We will have brown rice with this, maybe mixed with some quinoa. I am not usually a fan of these component type meals, with a protein, a grain and a veggie, but this looks pretty interesting, and perfect for the fall weather we are having now. I have a butternut squash in the garden ready to be picked, and we all love roasted butternut squash, including my mother, who always comes over for dinner on Mondays.

Tuesday: cod panang curry or black beans and rice

Trying this again–I need to make sure to get home in a timely manner so I can cook. Both of these sound so good, I can’t decide now. I can make extra rice and quinoa the night before, too, so that will already be done.

Wendesday: Pasta, Sausage and Bean Ragout

Since I didn’t make this last week, I am leaving it on for this week.

Thursday: spaghetti and meatballs, garlic bread,

This one is the girl’s choice. I love that she cooks one night a week!

Friday: probably pizza, because that is the kids’ favorite, but I am not finalizing this plan until later in the week

Lunches:

  • Tuna Salad sandwiches
  • leftovers

Grocery list:

  • bread
  • eggs
  • salami
  • bananas
  • mushrooms
  • frozen fruit
  • orange juice
  • vanilla soy milk
  • cereal
  • shredded cabbbage
  • tempeh

Hopefully we will do better this week on the breakfast and lunch front as well as the dinners. If so, this will officially go down as the best school year start ever! Gee, do you think that might have something to do with the fact that this is really the first year I have been on the ADHD medication? I mean, I got the prescription last September, but then I fell and broke my hand on the same day, so that was kind of a wash. This year I am on a good, more organized path.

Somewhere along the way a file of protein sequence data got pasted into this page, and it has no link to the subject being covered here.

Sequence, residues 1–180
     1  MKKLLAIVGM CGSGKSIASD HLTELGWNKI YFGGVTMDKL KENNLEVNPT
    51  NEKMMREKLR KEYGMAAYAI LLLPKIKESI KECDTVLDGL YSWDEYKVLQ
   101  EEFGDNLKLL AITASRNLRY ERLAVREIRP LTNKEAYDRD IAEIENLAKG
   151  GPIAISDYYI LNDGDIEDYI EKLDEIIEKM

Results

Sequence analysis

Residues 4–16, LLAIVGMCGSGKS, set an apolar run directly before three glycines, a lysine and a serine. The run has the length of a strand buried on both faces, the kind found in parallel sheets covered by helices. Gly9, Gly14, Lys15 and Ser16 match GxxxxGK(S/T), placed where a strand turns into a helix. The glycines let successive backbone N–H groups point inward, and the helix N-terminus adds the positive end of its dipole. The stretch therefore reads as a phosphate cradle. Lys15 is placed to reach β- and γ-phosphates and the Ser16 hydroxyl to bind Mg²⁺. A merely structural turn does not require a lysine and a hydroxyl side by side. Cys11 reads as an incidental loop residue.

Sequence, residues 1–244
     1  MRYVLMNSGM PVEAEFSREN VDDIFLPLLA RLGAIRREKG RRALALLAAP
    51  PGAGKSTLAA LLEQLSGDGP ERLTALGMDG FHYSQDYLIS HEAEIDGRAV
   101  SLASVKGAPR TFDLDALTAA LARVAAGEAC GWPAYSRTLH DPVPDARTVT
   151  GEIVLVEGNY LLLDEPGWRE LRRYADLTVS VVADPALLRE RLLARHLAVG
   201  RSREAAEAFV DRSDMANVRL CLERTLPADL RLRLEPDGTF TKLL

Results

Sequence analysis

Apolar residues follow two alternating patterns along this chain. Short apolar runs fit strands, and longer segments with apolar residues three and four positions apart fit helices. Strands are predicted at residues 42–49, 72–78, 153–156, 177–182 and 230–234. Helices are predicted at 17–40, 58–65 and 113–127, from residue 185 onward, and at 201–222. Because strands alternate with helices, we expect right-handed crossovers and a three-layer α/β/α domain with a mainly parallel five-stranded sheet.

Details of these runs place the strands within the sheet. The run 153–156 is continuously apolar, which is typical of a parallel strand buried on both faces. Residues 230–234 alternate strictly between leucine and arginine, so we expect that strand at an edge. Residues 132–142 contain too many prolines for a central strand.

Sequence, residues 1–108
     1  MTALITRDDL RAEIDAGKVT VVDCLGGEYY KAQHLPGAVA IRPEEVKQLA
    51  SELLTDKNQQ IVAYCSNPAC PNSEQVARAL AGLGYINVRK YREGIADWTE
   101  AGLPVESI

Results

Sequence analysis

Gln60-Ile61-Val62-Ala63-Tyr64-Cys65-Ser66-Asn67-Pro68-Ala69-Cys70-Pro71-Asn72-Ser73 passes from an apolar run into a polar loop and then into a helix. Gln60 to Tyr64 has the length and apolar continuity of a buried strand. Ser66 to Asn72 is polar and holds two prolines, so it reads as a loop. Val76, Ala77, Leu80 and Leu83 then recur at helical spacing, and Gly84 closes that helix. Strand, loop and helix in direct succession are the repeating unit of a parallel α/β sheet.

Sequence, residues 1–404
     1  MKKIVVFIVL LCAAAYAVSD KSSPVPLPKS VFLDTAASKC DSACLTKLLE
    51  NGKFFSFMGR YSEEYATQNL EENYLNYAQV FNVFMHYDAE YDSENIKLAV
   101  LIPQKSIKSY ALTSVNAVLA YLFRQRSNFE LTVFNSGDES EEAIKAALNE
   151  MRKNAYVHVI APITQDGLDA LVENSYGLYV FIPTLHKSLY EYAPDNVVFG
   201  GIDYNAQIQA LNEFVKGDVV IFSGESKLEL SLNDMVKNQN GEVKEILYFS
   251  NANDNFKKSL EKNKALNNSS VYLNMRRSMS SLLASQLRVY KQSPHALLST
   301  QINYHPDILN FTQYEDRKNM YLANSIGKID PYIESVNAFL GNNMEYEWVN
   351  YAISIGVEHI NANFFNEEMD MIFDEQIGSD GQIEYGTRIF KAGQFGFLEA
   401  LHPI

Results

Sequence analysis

Author Events: Harlan Coben

Standard

Last Friday, my mother and I went to the St. Louis County Public library to see Harlan Coben speak. I have never actually read any of Coben’s books, but my mother was very excited, so it sounded like a great idea to me. And, after going to this talk I know I will be reading his stuff, which is good and bad–I love discovering new authors, but my stack of books to read is already so long!

I am excited about reading some of these books, but I am going to write now about the talk he gave, which was really interesting. He talked a lot about his writing process, which I found helpful. I have been struggling a bit getting this post written, though, because he talked about a lot of things I know that I should be doing, but I am just *not*.

A lot of the things that he said, I have seen in many places that offer writing advice. While the writing process is different from person to person in many ways, there are some aspects that are universal to successful writers. Obviously, the first one is the fact of sitting down and writing–in order to be a successful writer, you must sit down and write. That seems obvious to me, but it is repeated so often that it is clear that not everyone gets that. I do know what people mean when they give this advice, though–people who say they want to be writers often do very little actual writing.